|Use||hypertriglyceridemia and hypercholesterolaemia|
In pharmacology, the fibrates are a class of amphipathic carboxylic acids and esters. They are derivatives of fibric acid (phenoxyisobutyric acid). They are used for a range of metabolic disorders, mainly hypercholesterolemia (high cholesterol), and are therefore hypolipidemic agents.
Fibrates improve atherogenic dyslipidemia characterized by high triglyceride and/or low HDL-C levels and elevated concentrations of small dense LDL particles, with or without high LDL-C levels. Fibrates may be compared to statin drugs, which reduce LDL-cholesterol (LDL-C) and have only limited effects on other lipid parameters. Clinical trials have shown that the combination of statins and fibrates results in a significantly greater reduction in LDL-C and triglyceride levels and greater increases in high-density lipoprotein cholesterol (HDL-C) compared with monotherapy with either drug. Fibrates are used in accessory therapy in many forms of hypercholesterolemia, but the combination of some fibrates (e.g., gemfibrozil) with statins is contraindicated due to an increased risk of rhabdomyolysis.
Fibrates stimulate peroxisome proliferator activated receptor (PPAR) alpha, which controls the expression of gene products that mediate the metabolism of triglycerides (TG) and high-density lipoprotein (HDL). As a result, synthesis of fatty acids, TG and VLDL is reduced, whilst that of lipoprotein lipase, which catabolises TG, is enhanced. In addition, production of Apo A1 and ATP binding cassette A1 is up-regulated, leading to increased reverse cholesterol transport via HDL. Consequently, fibrates reduce TG by up to 50% and increase HDL-C by up to 20%, but LDL-C changes are variable. Fewer large-scale trials have been conducted with fibrates than with statins and the results are less conclusive, but reduced rates of cardiovascular disease have been reported with fibrate therapy in the subgroup of patients with low HDL-C levels and elevated TG (e.g. TG > 2.3 mmol/L (200 mg/dL)). Fibrates are usually well tolerated but share a similar side-effect profile to statins. In addition, they may increase the risk of cholelithiasis and prolong the action of anticoagulants. Accumulating evidence suggests that they may also have a protective effect against diabetic microvascular complications.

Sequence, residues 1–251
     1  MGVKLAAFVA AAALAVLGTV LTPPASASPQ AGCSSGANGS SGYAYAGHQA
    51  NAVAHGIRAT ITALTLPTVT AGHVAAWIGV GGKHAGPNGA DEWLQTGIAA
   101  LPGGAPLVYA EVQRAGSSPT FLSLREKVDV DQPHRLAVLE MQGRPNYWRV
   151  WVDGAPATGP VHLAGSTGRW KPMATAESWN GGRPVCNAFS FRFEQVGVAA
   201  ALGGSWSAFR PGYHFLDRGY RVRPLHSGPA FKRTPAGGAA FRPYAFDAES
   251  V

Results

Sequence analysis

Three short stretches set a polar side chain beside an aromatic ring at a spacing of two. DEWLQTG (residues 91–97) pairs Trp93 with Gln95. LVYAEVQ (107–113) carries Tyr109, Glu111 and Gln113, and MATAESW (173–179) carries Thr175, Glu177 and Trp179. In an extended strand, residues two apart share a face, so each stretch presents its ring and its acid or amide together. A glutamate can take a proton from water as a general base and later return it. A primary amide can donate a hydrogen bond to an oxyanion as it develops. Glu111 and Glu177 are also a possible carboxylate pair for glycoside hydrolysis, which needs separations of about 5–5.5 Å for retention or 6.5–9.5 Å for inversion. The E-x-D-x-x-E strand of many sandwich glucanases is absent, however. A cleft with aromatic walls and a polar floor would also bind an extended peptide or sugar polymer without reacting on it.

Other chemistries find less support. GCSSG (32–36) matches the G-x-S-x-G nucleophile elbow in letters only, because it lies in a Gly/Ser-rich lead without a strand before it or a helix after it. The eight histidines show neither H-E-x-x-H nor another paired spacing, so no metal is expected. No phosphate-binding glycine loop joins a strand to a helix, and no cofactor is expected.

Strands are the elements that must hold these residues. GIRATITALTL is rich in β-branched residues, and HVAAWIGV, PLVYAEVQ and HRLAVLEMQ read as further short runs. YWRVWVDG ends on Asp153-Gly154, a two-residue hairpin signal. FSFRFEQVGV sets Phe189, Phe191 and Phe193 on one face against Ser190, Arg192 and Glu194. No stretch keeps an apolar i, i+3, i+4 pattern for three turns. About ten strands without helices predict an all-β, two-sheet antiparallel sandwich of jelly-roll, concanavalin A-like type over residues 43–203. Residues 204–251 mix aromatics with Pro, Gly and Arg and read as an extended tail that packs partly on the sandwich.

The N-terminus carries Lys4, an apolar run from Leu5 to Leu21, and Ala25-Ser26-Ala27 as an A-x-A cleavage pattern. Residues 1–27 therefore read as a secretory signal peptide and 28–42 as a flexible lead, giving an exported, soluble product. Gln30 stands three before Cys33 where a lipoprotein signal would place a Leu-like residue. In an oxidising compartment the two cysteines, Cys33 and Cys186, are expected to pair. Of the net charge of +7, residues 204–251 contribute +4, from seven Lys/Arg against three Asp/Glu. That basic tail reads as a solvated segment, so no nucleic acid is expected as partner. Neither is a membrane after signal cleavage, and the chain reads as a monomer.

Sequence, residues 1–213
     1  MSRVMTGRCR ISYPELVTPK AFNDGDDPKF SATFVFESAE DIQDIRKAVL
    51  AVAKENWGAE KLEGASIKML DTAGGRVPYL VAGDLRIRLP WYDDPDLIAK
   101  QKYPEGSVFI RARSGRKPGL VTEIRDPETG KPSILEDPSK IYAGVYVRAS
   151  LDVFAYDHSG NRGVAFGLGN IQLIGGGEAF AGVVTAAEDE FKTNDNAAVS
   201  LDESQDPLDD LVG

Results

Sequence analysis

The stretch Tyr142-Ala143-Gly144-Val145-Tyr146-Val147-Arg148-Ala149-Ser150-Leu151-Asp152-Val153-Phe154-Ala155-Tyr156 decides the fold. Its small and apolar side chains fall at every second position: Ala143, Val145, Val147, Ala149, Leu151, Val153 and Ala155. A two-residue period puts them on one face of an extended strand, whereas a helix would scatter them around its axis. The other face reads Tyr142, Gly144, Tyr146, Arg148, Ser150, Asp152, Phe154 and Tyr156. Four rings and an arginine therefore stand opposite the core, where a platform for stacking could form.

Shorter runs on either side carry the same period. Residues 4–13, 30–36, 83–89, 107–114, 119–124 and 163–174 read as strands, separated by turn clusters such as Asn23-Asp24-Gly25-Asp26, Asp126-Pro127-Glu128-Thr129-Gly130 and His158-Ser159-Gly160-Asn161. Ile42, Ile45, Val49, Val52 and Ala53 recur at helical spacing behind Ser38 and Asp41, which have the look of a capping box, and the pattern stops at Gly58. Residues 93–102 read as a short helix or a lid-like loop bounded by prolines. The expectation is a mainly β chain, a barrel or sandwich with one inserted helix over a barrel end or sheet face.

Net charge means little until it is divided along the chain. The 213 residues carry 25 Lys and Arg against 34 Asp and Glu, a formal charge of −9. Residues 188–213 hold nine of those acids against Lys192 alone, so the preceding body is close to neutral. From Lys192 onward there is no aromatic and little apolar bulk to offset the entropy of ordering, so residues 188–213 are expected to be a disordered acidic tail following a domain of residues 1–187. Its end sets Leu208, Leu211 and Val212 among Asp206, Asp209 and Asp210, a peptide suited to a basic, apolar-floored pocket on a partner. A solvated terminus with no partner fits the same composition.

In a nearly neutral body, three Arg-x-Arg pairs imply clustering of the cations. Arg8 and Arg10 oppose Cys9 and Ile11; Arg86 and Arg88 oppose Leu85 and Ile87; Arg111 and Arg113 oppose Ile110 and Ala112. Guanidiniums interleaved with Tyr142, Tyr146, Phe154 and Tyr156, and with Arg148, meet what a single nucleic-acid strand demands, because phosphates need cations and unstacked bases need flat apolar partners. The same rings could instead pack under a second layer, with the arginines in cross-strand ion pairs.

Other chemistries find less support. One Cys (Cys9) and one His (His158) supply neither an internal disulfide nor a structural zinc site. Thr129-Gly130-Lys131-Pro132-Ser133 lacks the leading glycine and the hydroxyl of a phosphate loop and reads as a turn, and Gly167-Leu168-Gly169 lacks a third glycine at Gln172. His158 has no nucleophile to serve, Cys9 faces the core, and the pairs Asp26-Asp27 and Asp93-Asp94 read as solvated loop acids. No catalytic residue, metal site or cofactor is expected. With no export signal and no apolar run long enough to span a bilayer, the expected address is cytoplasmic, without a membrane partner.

Clinical trials do support their use as monotherapy agents. Fibrates reduce the number of non-fatal heart attacks, but do not improve all-cause mortality and are therefore indicated only in those not tolerant to statins.
Although less effective in lowering LDL levels, the ability of fibrates to increase HDL and lower triglyceride levels seems to reduce insulin resistance when the dyslipidemia is associated with other features of the metabolic syndrome (hypertension and diabetes mellitus type 2). They are therefore used in many hyperlipidemias. Due to a rare paradoxical decrease in HDL-C seen in some patients on fenofibrate, as per US FDA label change, it is recommended that the HDL-C levels be checked within the first few months after initiation of fibrate therapy. If a severely depressed HDL-C level is detected, fibrate therapy should be withdrawn, and the HDL-C level monitored until it has returned to baseline.
Most fibrates can cause mild stomach upset and myopathy (muscle pain with CPK elevations). Fibrates decrease the synthesis of bile acid by down-regulation of cholesterol 7 alpha-hydroxylase and sterol 27-hydroxylase expression, therefore making it easier for cholesterol to precipitate and increasing the risk for gallstones.
In combination with statin drugs, fibrates cause an increased risk of rhabdomyolysis, idiosyncratic destruction of muscle tissue, leading to kidney failure. The less lipophilic statins are less prone to cause this reaction, and are probably safer to be combined with fibrates than the more lipophilic statins are.
Although used clinically since at least 1962, the mechanism of action of fibrates remained unelucidated until the 1990s, when it was discovered that fibrates activate peroxisome proliferator-activated receptors (PPARs) , especially PPARα. The PPARs are a class of intracellular receptors that modulate carbohydrate and fat metabolism and adipose tissue differentiation.
Fibrates have been shown to extend lifespan in the roundworm C. elegans.
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- Brandstädt, Sven; Schmeisser, Kathrin; Zarse, Kim; Ristow, Michael (2013-04-08). "Lipid-lowering fibrates extend C. elegans lifespan in a NHR-49/PPARalpha-dependent manner". Aging. 5 (4): 270–275. doi:10.18632/aging.100548. PMC 3651519. PMID 23603800.